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31 May 2015 @ 09:26 pm
Fifty Weeks, Fifty Curries: Week Thirty-Four: Crab Curry  
I always feel a little bad when I come to a curry with a partially full stomach. Objectivity is a lie etc etc, but I like to approach each of these curries with at least broadly similar starting conditions so that my opinions can start from a reasonably similar place. And this is a futile endeavor because we do not know our own minds, but "how hungry I am" is probably the metaphor that I'm most able to control, and in this case I came in mostly full and it's possible that my impressions will have suffered accordingly. For that, I apologize to you all.

There's no way I would have given up that homemade grilled cheese and tomato soup, though. Nom nom nom.  photo emot-qfg.gif

This also ends the brief streak of curries where we weren't substituting anything, since as I'm sure the title of this post informs you, it's designed to use crab instead of fish, but we stuffed it full of cod. And mostly cod, since there really weren't many other ingredients. For my opinion on that, read on.


The coconut streak continues.

I'm torn on this one. Half the bites were just a blast of spice, which isn't so bad on its own but doesn't leave me with much of an impression or a reason to eat it. I mean, spice is all well and good and I love spicy food, but if all I taste is burning then I might as well just pour chili sauce in a mug and drink deep. It'll be fast and cheaper for the same effect.

On the other hand, some of the bites I took were quite good. The spice was cut through with the creaminess of the coconut, lending the whole thing a kind of...yogurty flavor, even though there wasn't actually any yogurt in the recipe. It might be the creaminess that led me to that impression, but when that taste was prominent I loved it. If only the whole curry had tasted that way, I would have been a bigger fan of it, but unfortunately I couldn't predict whether any individual bite would be burning or flavor. I guess you could make a fun party game out of a dish like that, but it's less exciting as an evening's meal. Question block photo emot-question.gif


Food processor photos are the new frying onion photos.

Words from the Chef
I don't have a lot to say about this curry. It took so little effort and I wasn't doing anything new. I'm sad we can't find kashmiri chilies because they are apparently what give so many of these dishes the vibrant red color. I mean, it's a curry I'd make just because it's super easy but there's really nothing special about it.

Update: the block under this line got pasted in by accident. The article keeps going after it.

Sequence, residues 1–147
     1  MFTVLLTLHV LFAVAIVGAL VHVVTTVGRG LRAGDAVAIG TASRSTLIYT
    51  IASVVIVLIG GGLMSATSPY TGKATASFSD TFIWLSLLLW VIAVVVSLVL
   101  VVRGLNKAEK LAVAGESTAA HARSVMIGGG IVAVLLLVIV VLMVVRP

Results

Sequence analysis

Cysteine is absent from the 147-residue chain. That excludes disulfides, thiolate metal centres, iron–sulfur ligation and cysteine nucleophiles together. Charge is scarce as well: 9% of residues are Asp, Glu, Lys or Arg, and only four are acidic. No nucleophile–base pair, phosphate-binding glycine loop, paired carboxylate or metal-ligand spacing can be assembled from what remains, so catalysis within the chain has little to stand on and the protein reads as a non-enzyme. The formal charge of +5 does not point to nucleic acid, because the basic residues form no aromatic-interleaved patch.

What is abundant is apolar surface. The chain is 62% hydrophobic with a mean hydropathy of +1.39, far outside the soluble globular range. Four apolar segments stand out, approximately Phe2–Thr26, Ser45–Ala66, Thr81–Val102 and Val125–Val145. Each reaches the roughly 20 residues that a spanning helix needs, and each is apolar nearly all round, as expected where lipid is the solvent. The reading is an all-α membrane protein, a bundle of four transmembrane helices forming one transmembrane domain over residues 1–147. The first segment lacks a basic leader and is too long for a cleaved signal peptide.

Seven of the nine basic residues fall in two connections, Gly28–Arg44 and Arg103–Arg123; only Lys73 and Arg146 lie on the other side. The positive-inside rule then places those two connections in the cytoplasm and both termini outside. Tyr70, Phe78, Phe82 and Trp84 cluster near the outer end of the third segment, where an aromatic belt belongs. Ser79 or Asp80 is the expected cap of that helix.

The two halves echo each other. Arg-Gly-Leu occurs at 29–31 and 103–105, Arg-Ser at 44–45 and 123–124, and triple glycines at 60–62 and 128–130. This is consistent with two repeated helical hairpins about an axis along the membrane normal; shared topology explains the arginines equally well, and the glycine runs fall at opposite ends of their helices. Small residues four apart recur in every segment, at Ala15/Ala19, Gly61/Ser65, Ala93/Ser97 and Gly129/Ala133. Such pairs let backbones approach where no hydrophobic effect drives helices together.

A beautiful and incorrect golden color.

As softlykarou says, maybe it's the lack of kashmiri chilis that's really hampering some of these curries that I'm lukewarm on. We're using what I was going to say were the chilis that my parents grow in their garden, but softlykarou informs me that they're merely the same species of chili that they grow but actually from the Asian grocery store nearby. Regardless, they're not Kashmiri, and so our curry is a warm and inviting golden color instead of the fire-red that it's supposed to be. I'm not sure I know what Kashmiri chilis taste like, so I don't know whether it would have made the difference here.  photo emot-iiam.gif

That's an idea that's worth trying. Maybe for a week where we don't have enough time to do a full new curry, track down Kashmiri chilis and make an old dish I liked or was neutral on and see whether my opinion changes. Stay tuned for the next C-C-C-COMBO BREAKER, entitled "It's different this time!"


Only yogurt as a side. And no, that's not where the yogurt taste came from.  photo emot-v.gif

50 Great Curries of India says that Kashmiri chillis are mild so use fewer if substituting, and this particular recipe also states that if using fish, reduce the chilis by twenty percent, both of which softlykarou did. It still often tasted like burning. The book does say it's "really hot and spicy," so I guess that's supposed to be the correct flavor? In which case, the parts that I liked were the aberrations, which is a bit disheartening. Well, it's not like there aren't 49 other curries in this book that I can pick from.

Would I Eat It Again?: Out of curiosity if nothing else.
Do I Prefer It to the Usual Thai Curry?: Even the good bites were not that good, I'm afraid.
What Would I Change?: As I said above, maybe Kashmiri chilis are the secret holy grail we've been missing out on this whole time. I just don't know.
 
 
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